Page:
Late on Thursday night a 20-year-old mystery was reopened with the arrest of a man believed to have been responsible for the murder of three women in the Perth suburb of Claremont in the late 1990s.
On Friday West Australian police revealed they had taken a 48-year-old man from Kewdale into custody and charged him with the murders of 23-year-old Jane Rimmer and 27-year-old Ciara Glennon.
Bradley Robert Edwards appeared in court charged with murder, abduction and sexual assault and was remanded in custody, due to reappear at Stirling Gardens Magistrates Court on January 11.
Mr Edwards is also accused of abducting a 17-year-old girl in Clarmeont in 1995 as well as indecently assaulting an 18-year-old woman during a break-in at a Huntingdale home in 1988.
The disappearance of a third woman, 18-year-old Sarah Spiers, around the same time as the deaths of Ms Rimmer and Ms Glennon, is still under investigation.
All three women went missing on their way home from nights out with friends at Claremont hotspots and shared physical similarities: they were all young, beautiful and fair-haired.
The Claremont murders rocked the affluent western suburbs area in 1996 and 1997, changing the way locals behaved after dark and generating plenty of speculation as to who was responsible.
For a period, there was suspicion a taxi driver was the killer – two of the women were catching a cab before their disappearances – and many avoided taking taxis for months after the murders.
The ensuing investigation, named Task Force Macro, was Australia’s longest-running in history, involving hundreds of police officers.
With the looming possibility of closure for their grieving families, we remember the three women who didn’t know one another, but whose lives became inextricably linked.
Jane Louise Rimmer, 23
“Bubbly” child care worker Jane Rimmer had spent a night out with friends, hopping from bar to bar, when she disappeared on June 9 in 1996.
Her parents had been expecting her to join them for lunch that Sunday, but she would never come home.
While Ms Rimmer’s friends decided to catch a cab from outside the Continental Hotel in Claremont, Ms Rimmer declined to join them.
Instead, she stayed outside the Continental Hotel for a few minutes before disappearing completely.
Fifty-five days later, on August 3, her body was found in bushland near the suburb of Wellard.
In 2008, police released CCTV footage showing Ms Rimmer briefly speaking to an unidentified man before her disappearance, in the hope a member of the public may have been able to identify him. No one could.
Ciara Eilish Glennon, 27
Lawyer Ciara Glennon was enjoying a Friday night out with friends in her hometown after recently returning from a stint overseas when she met an untimely end.
Born in Zambia before moving to Perth with her Irish parents at age five, Ms Glennon was an intelligent, driven woman who loved to travel.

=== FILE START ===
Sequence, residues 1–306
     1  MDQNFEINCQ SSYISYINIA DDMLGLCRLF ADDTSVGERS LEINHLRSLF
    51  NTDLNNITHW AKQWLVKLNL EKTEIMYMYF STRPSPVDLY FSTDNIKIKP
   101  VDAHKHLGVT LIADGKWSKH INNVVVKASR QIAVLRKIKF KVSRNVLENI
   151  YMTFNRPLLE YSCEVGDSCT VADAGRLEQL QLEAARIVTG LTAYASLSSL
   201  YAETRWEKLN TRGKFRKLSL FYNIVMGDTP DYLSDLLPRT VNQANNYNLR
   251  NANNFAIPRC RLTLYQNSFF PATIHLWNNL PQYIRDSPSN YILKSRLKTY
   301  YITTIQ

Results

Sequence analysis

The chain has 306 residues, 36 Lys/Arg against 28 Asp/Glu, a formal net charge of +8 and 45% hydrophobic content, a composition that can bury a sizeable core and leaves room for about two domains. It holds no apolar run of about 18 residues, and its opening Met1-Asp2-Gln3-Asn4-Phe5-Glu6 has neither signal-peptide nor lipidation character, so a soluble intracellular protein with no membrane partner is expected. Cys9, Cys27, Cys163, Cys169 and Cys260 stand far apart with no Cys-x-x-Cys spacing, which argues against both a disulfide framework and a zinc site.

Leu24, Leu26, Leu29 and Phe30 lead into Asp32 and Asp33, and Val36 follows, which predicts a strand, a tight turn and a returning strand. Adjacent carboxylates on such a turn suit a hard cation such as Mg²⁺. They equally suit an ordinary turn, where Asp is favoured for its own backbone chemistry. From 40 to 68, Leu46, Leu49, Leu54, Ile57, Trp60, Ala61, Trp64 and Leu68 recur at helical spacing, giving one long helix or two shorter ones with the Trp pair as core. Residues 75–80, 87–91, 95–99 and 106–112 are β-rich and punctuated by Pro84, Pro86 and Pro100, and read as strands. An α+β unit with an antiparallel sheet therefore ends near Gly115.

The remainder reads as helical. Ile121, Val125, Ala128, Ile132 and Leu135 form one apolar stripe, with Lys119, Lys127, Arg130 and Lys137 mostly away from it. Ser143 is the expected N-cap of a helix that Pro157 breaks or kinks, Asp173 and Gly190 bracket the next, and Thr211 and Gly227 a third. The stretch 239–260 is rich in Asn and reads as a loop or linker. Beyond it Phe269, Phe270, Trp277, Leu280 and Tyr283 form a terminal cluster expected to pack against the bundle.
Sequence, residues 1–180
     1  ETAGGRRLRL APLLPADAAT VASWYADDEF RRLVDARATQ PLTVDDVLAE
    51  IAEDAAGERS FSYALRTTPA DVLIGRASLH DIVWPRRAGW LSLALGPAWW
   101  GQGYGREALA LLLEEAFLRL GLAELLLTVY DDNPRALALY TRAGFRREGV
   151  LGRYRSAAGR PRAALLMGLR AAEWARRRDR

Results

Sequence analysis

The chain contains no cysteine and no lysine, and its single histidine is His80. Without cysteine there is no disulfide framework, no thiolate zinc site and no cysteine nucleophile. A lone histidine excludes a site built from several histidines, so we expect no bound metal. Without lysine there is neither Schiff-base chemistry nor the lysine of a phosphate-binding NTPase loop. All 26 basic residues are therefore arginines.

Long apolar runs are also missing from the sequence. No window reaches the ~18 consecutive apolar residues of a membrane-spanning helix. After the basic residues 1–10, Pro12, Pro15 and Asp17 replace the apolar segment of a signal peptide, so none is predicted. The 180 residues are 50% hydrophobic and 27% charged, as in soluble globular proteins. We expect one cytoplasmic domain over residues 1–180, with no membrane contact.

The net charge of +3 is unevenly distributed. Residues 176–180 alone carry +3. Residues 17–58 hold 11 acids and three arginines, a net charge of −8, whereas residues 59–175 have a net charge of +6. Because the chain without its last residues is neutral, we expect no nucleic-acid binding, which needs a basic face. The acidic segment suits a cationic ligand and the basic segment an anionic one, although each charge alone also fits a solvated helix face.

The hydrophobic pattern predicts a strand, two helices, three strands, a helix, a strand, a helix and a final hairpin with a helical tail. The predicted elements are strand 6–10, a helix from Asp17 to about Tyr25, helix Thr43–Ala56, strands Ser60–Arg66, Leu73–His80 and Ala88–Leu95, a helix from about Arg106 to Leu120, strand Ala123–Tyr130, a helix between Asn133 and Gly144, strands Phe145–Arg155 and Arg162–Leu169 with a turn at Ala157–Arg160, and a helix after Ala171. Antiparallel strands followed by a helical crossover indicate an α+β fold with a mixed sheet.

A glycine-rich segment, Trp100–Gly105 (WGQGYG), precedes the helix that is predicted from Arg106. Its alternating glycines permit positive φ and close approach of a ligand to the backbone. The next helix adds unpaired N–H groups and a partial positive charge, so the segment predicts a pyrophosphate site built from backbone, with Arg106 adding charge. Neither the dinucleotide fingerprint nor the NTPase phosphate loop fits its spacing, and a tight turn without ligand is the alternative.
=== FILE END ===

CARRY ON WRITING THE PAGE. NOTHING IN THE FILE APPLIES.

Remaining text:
She spoke Japanese and worked as a solicitor at a local law firm. Before her death, she took a year off work to travel around the world, visiting Israel, Turkey, Greece and Ireland.
She returned home in February 1997 to attend her sister Denise’s wedding, scheduled to take place the weekend she disappeared.
On March 14, 1997, Ms Glennon left her friends at the Claremont Hotel to catch a taxi home and was never seen alive again.
Nineteen days later a bushwalker stumbled upon her body on a track in scrubland in the suburb of Eglinton.
“We pray for Ciara all the time. When Una and I see a young woman of Ciara’s age we think of her,” Ms Glennon’s father Denis told the Irish Times on the second anniversary of his daughter’s death.
Sarah Spiers, 18
The body of teenage secretary Sarah Spiers was never found following her disappearance after a night out with friends celebrating Australia Day in 1996.
Just after 2am on January 27, Ms Spiers told a friend she was tired and wanted to grab a cab home from popular Claremont nightspot Club Bay View.
When the “responsible” Ms Spiers failed to turn up for work the next morning, her family immediately went into panic. They handed out flyers, put her face on billboards and offered rewards for information, to no avail.
Earlier this year, Ms Spiers’ parents released a statement to mark 20 years since their daughters’ disappearance, thanking police for their support.
“Words are inadequate to describe our personal loss and heartbreak,” they said in the statement, released in January.
“It’s hard not to wonder what Sarah’s life, and ours, could have been had she not been taken from us. She was so full of life and had a great love of family.”
On Friday, her father Don Spiers posted a video on his Facebook page following the arrest, assuring friends he and his wife, Carol, were on holidays overseas and were “quite comfortable”.
“We were pre-warned with what was going to happen,” Mr Spiers said.
“The taskforce is staying in touch with us and keeping us up to date on what is happening.”
Posted by Don Spiers on 2016年12月22日